The purpose of this paper is to advance research on CSR beyond the stalemate of economic versus ethical models by providing an alternative perspective integrating existing views and allowing for more shared dialog and research in the field. It is suggested that we move beyond making a normative case for ethical models and practices of CSR by moving beyond the question of how to manage organizational self-interest toward the question of how accurate current conceptions of the organizational self seem to (...) be. Specifically, it is proposed that CSR is not a question of how self-interested the corporation should be, but how this self is defined. Economic and ethical models of CSR are not models of opposition but exist on a continuum between egoic and post-egoic, illusory and authentic conceptions of the organizational self. This means that moving from one to the other is not a question of adopting different paradigms but rather of moving from illusion and dysfunction to authenticity and functionality, from pathology to health. (shrink)
A basic way of evaluating metaphysical theories is to ask whether they give satisfying answers to the questions they set out to resolve. I propose an account of “third-order” virtue that tells us what it takes for certain kinds of metaphysical theories to do so. We should think of these theories as recipes. I identify three good-making features of recipes and show that they translate to third-order theoretical virtues. I apply the view to two theories—mereological universalism and plenitudinous platonism—and draw (...) out their third-order virtues and vices. One lesson is that there is an important difference between essentially and non-essentially third-order vicious theories. I also argue that if a theory is essentially third-order vicious, it cannot be assessed for more standard “second-order” theoretical virtues and vices, like parsimony. This motivates the idea that third-order virtues are distinct from second-order ones. Finally, I suggest that the relationship between truth, progress, and third-order virtue is more complex than it seems. (shrink)
We argue that thoughts are structures of concepts, and that concepts should be individuated by their origins, rather than in terms of their semantic or epistemic properties. Many features of cognition turn on the vehicles of content, thoughts, rather than on the nature of the contents they express. Originalism makes concepts available to explain, with no threat of circularity, puzzling cases concerning thought. In this paper, we mention Hesperus/Phosphorus puzzles, the Evans-Perry example of the ship seen through different windows, and (...) Mates cases, and we believe that there are many additional applications. (shrink)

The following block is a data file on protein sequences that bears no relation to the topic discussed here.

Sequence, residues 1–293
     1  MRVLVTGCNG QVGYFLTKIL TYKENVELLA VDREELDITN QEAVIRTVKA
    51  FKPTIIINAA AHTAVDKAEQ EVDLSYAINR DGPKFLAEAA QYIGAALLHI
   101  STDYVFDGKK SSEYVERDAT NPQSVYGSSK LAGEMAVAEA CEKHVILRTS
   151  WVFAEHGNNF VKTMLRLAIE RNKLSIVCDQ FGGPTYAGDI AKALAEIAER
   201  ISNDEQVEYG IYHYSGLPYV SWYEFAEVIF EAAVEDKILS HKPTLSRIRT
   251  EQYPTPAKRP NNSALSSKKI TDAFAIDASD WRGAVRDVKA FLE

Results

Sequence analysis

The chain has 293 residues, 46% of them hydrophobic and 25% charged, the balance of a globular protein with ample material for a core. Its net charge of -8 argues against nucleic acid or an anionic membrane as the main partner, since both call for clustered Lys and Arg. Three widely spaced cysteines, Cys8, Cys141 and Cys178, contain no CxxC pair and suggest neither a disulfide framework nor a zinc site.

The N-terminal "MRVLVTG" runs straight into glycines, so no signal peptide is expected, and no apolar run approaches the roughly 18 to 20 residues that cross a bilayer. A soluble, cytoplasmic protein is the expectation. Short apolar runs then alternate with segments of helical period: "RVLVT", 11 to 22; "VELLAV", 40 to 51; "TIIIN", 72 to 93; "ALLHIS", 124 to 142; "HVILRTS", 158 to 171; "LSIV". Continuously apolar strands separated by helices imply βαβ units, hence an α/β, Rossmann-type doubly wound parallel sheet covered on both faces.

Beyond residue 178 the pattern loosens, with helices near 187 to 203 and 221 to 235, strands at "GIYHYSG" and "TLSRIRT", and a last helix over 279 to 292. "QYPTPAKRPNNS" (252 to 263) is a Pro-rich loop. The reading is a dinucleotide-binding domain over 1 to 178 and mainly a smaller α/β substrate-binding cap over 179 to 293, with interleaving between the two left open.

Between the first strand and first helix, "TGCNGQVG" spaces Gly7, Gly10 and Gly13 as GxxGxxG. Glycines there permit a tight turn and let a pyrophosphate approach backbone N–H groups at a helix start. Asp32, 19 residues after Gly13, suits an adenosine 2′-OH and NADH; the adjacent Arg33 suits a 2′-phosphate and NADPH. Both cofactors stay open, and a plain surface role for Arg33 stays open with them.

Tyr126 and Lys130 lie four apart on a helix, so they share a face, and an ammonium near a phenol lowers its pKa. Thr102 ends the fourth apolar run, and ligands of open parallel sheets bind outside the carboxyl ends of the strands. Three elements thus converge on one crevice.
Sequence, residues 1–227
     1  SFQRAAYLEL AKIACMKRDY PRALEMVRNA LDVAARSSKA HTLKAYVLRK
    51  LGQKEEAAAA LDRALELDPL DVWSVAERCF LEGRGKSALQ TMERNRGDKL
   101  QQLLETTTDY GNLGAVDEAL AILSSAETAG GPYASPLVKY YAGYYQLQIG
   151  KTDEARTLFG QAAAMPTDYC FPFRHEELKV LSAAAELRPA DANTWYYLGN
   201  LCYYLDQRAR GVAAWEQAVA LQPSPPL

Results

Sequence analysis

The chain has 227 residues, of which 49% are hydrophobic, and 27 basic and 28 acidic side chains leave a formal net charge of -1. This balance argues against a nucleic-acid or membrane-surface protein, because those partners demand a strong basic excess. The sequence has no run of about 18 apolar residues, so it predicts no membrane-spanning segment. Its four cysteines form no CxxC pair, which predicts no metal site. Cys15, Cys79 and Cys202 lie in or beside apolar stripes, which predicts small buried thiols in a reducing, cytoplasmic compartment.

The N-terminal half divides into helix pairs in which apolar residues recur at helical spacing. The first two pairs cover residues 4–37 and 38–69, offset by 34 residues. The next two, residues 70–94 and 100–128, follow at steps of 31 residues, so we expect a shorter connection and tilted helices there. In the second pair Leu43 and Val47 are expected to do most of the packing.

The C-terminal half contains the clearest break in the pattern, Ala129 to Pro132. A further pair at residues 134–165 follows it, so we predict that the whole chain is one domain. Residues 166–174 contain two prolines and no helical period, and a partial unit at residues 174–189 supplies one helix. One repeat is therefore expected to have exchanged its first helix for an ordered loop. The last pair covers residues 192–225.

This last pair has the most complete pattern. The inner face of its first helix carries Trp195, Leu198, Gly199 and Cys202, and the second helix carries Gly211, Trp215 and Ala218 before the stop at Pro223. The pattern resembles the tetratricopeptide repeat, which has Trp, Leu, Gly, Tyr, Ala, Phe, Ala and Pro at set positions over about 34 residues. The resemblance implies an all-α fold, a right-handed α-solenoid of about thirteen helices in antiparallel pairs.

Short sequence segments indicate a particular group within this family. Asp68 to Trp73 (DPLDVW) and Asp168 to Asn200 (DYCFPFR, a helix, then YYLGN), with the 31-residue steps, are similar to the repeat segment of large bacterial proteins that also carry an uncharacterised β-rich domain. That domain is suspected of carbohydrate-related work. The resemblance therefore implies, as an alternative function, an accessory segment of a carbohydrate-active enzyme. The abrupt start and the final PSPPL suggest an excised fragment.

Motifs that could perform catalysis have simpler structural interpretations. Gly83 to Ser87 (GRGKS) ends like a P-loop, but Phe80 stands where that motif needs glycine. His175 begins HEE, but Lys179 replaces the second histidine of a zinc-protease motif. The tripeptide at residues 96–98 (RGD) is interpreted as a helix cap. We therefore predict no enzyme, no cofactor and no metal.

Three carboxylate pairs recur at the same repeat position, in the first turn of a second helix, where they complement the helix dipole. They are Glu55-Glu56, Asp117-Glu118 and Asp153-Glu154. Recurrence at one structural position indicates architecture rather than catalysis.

Many philosophers take purportedly logical cases of ground ) to be obvious cases, and indeed such cases have been used to motivate the existence of and importance of ground. I argue against this. I do so by motivating two kinds of semantic determination relations. Intuitions of logical ground track these semantic relations. Moreover, our knowledge of semantics for first order logic can explain why we have such intuitions. And, I argue, neither semantic relation can be a species of ground even (...) on a quite broad conception of what ground is. Hence, without a positive argument for taking so-called ‘logical ground’ to be something distinct from a semantic determination relation, we should cease treating logical cases as cases of ground. (shrink)
Logical realism is the view that there is logical structure in the world. I argue that, if logical realism is true, then we are deeply ignorant of that logical structure: either we can’t know which of our logical concepts accurately capture it, or none of our logical concepts accurately capture it at all. I don’t suggest abandoning logical realism, but instead discuss how realists should adjust their methodology in the face of this ignorance.